The coronavirus pandemic impacted the world in all kinds of ways – some direct, others less so. One way it technologically impacted people was through the temporary closure of offices, necessitating the “work from home” revolution. While remote work had been possible for years, thanks to cloud-based communication tools like Slack and assorted collaboration apps like Google Docs, COVID pushed workplaces to rapidly adopt these as a key part of their day-to-day operations.
For many, this has been an extremely positive move. Technology now makes it easy for teams to work together even when they’re geographically separated through high-speed internet and the use of software that lets employees talk to one another and exchange documents or notes in a way that’s almost as seamless (and, on occasion, more seamless) than sitting next to one another in an office.
But not everything has been smooth sailing. The fast-paced pivot to remote work and the growing reliance on collaborative platforms has opened up some security vulnerabilities that can pose a considerable threat to businesses. Remote working has meant a rise in attacks such as Server-Side Request Forgery (SSRF) attacks, in which attackers abuse server functionality to illicitly access or modify resources – thereby opening up new types of threats which must be addressed.
The Microsoft vulnerabilities
One recent illustration of the security challenges remote working platforms can cause was a series of vulnerabilities in Microsoft Teams, the business communication tool that serves as Microsoft’s proprietary answer to Slack. These four vulnerabilities, three of which remain unpatched, potentially allowed attackers to carry out link spoofing of web addresses, as well as posing the possibility of letting Android users be targeted with Denial of Service (DoS) attacks.
The vulnerabilities were discovered by researchers for Positive Security. Two of the four vulnerabilities reportedly affect Android users only – with one that allows bad actors to send malicious Teams messages using the Android app in such a way that it will continuously crash the app chat or channel. Ultimately, Microsoft declined to patch several of the vulnerabilities, saying that they posed limited risk to users.
New types of attack
Regardless of whether this is the case, the fact remains that security threats such as these are a new concern for companies. These attacks open up new ways that businesses and other organizations can be targeted by cyber criminals. In some cases, DDoS (Distributed Denial of Service) attacks can be used to knock websites and online services offline, resulting in unasked-for downtime and, potentially, dented customer loyalty.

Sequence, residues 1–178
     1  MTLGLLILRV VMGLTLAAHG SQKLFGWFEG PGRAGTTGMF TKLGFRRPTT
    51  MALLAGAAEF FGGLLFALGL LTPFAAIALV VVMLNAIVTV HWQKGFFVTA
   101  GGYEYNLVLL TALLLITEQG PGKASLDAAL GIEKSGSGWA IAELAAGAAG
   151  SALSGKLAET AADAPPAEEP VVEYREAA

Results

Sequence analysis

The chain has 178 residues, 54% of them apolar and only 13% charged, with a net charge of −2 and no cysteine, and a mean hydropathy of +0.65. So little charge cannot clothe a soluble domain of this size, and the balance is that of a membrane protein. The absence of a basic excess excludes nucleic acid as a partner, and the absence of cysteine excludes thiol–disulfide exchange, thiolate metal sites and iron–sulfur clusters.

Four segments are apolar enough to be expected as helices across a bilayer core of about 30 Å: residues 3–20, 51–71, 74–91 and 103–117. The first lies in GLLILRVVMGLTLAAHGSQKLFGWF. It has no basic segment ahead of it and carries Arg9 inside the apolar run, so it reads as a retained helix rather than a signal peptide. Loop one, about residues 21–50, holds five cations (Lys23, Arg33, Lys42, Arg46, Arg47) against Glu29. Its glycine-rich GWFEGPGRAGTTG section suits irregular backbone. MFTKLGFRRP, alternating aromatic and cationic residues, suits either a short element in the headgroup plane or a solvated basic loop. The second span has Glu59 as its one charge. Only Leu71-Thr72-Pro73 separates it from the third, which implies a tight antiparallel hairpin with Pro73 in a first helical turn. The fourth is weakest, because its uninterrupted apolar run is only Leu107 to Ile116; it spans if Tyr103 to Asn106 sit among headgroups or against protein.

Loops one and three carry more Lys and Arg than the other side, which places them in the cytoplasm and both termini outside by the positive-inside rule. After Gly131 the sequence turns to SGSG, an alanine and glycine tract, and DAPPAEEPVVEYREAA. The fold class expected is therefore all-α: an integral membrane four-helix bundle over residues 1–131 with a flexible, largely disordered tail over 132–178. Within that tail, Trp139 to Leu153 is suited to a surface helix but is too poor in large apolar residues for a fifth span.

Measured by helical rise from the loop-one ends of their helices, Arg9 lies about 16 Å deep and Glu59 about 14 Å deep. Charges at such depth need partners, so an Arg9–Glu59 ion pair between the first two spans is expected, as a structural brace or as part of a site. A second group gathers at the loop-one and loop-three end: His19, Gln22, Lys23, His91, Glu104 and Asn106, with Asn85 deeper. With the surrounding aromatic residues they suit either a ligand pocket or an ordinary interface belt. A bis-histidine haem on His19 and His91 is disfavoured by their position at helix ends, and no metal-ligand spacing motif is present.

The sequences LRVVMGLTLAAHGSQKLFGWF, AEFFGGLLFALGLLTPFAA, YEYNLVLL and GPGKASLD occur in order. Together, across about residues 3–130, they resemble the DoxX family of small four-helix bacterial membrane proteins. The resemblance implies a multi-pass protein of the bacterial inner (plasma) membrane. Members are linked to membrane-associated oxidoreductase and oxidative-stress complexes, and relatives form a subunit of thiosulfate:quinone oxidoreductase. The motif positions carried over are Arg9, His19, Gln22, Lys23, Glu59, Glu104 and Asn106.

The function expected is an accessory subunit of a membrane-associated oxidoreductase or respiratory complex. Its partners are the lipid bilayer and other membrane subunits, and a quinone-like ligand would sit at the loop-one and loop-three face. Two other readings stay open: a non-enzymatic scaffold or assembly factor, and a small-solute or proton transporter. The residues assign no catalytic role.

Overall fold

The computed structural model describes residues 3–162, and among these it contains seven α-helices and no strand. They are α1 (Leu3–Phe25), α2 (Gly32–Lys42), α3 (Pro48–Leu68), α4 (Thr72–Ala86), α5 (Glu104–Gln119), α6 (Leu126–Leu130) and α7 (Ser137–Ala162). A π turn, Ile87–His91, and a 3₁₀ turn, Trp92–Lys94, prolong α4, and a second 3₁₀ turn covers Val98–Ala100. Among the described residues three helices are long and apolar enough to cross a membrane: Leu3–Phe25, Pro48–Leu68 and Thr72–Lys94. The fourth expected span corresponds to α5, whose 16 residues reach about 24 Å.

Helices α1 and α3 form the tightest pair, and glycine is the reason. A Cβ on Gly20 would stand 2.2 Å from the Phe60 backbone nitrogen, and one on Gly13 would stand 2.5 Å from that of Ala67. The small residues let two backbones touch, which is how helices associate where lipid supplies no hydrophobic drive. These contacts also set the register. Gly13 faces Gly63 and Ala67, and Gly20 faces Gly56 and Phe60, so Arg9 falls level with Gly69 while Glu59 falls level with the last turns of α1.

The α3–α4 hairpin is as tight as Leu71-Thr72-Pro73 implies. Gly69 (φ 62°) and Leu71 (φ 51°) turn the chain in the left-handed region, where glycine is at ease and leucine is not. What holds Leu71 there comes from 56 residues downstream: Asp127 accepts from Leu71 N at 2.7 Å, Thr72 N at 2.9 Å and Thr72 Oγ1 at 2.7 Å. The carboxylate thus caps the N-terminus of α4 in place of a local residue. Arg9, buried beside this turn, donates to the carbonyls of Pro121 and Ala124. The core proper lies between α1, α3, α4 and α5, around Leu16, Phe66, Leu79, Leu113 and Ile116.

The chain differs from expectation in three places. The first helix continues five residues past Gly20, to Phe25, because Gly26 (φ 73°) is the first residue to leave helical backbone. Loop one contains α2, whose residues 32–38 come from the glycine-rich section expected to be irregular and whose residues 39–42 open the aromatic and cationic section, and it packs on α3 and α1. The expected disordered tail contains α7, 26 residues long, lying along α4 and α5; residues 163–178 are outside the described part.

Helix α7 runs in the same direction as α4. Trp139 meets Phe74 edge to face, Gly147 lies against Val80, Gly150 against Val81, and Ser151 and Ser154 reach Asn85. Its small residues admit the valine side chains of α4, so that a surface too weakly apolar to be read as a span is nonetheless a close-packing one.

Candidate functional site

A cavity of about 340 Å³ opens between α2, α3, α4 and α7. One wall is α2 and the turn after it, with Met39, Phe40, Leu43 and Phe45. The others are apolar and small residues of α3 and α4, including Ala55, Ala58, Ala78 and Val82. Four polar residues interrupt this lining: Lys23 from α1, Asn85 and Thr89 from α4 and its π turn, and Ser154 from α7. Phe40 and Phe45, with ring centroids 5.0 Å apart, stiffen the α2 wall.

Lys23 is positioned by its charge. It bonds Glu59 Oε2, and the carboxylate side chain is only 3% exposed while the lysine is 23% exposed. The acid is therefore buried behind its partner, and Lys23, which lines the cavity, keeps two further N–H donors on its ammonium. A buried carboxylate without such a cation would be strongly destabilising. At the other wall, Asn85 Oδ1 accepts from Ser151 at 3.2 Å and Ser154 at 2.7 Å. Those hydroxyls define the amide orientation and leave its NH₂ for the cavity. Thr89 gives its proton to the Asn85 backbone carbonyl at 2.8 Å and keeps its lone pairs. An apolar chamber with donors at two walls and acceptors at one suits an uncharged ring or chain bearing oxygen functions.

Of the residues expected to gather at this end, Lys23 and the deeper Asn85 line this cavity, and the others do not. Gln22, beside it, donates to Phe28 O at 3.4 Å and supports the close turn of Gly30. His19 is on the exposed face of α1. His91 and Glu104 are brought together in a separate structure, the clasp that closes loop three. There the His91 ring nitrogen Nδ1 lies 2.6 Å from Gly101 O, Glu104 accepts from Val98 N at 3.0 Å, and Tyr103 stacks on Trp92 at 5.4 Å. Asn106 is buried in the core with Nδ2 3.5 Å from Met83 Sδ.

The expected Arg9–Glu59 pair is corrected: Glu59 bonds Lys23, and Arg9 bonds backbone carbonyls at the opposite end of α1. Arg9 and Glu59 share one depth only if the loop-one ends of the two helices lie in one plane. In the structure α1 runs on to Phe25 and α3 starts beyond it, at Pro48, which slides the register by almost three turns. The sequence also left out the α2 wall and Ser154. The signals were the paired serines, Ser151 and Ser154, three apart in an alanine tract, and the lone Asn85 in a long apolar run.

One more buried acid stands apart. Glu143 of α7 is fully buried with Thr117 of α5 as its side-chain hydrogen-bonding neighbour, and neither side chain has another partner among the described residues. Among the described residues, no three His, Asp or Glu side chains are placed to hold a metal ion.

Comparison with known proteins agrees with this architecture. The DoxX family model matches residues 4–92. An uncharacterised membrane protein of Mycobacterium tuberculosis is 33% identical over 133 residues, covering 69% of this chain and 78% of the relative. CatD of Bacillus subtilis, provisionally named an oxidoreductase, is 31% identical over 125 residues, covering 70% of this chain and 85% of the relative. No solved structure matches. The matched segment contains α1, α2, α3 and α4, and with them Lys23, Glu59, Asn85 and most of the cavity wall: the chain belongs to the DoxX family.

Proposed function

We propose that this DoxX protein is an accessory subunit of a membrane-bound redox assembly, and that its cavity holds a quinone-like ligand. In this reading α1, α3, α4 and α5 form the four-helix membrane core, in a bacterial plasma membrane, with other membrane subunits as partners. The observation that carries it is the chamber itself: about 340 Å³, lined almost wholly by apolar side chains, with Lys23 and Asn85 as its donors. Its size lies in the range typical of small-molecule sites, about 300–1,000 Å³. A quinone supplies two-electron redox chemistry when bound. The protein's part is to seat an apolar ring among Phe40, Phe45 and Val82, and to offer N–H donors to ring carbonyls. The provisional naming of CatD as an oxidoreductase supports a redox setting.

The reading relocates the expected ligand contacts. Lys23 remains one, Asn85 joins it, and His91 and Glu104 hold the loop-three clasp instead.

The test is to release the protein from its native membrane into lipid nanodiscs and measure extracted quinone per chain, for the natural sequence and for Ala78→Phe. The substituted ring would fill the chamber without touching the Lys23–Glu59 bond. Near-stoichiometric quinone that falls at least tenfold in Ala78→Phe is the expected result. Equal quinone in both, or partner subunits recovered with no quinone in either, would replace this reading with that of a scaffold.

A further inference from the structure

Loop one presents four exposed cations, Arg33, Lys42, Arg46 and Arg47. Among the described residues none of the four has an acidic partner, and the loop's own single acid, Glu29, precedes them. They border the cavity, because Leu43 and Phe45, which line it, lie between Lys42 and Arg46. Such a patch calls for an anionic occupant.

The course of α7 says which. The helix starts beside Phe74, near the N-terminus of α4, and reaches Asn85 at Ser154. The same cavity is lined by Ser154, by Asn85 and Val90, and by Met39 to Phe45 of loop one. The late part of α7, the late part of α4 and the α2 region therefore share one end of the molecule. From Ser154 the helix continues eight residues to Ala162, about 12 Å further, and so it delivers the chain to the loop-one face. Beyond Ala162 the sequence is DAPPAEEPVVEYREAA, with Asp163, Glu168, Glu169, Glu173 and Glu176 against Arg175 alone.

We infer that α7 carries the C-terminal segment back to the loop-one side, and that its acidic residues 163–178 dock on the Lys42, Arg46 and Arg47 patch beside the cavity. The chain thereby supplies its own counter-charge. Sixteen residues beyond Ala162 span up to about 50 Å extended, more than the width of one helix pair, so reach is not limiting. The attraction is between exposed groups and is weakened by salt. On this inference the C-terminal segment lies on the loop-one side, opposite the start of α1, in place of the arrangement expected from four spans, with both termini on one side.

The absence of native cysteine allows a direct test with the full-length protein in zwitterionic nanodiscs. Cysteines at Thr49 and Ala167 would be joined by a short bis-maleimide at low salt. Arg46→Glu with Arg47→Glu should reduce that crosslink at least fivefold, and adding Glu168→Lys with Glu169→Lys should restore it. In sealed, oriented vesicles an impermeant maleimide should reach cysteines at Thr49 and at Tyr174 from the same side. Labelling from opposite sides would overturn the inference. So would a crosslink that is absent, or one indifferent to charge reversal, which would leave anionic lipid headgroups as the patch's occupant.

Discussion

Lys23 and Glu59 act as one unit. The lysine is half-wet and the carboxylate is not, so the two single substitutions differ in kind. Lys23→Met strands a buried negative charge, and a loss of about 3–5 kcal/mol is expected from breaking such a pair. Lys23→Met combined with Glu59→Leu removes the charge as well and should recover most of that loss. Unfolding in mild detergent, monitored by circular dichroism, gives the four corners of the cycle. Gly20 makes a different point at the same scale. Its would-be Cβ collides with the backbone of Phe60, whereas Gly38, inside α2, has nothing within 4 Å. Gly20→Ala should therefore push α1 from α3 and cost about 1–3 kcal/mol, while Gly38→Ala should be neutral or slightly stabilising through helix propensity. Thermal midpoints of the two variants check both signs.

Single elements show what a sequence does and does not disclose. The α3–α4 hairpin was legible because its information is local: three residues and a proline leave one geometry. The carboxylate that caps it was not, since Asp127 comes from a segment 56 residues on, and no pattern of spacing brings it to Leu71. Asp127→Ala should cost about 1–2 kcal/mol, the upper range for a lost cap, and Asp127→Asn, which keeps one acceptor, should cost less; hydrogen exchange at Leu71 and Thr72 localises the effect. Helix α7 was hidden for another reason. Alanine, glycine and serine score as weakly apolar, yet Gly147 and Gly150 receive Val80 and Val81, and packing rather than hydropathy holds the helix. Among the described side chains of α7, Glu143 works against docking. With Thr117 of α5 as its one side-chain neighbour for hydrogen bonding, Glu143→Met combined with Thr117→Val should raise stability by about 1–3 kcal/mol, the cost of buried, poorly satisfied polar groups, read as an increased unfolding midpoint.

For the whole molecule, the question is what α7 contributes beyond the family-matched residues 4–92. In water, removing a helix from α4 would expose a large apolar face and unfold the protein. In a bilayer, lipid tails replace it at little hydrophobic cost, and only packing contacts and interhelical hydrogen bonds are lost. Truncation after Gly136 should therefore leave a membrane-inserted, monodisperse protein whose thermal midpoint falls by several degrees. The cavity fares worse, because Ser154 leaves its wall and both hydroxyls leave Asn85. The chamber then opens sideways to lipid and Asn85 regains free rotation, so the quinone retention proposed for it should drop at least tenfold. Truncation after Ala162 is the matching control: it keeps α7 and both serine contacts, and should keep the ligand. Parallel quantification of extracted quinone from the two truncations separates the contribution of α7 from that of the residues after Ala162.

In other instances, attackers can abuse vulnerabilities or engage in social engineering attacks such as phishing to perform account takeovers. Once inside systems, they could then potentially exfiltrate data, carry out vandalism, eavesdrop regarding sensitive information, plant malware, or multiple other nefarious use-cases. The more tools that companies rely on, the more potential vulnerable points they have that could be abused.
The patching problem
In the vast majority of cases, developers will rush to patch software once they have been alerted to potential vulnerabilities. These patches correct lines of code that allow vulnerabilities or bugs to be exploited in a way that could harm users.
But patching isn’t perfect. Vulnerabilities may take time to be discovered. Zero-day vulnerabilities, for instance, refer to those not yet known to developers, which attackers can exploit before the problem is fully understood. Patches must also be installed by users before they take effect, meaning that organizations with a backlog of patches to install (which, considering the vast number of software packages most organizations use, is more common than you might expect) can remain unprotected. In many cases, attackers will continue to target certain vulnerabilities, knowing that a proportion of users are unlikely to have installed the necessary patches.
The right tools for the job
Patching is extremely valuable, but it’s therefore not the only solution to the problem. Fortunately, there are other tools which can help. For example, Web Application Firewalls (WAFs) can safeguard against attacks like SSRF attacks. Meanwhile, Runtime Application Self-Protection (RASP) measures can uncover real-time attacks as they take place and stop these from taking place. Then there’s the likes of API security, DDoS protection, Advanced Bot Protection, and more. Deploying defenses like Web Application & API Protection (WAAP) is a game-changer when it comes to keeping you and your users safe in a world of remote working.
The world of remote working and workplace collaboration platforms isn’t going away. Nor would many people want them to, given the ways in which they’re helping to revolutionize work as we know it. What is needed are ways to mitigate the risks, while allowing users and organizations alike to enjoy the positives. By utilizing the right defenses, you can do exactly that.
It’s one of the smartest moves any business can do.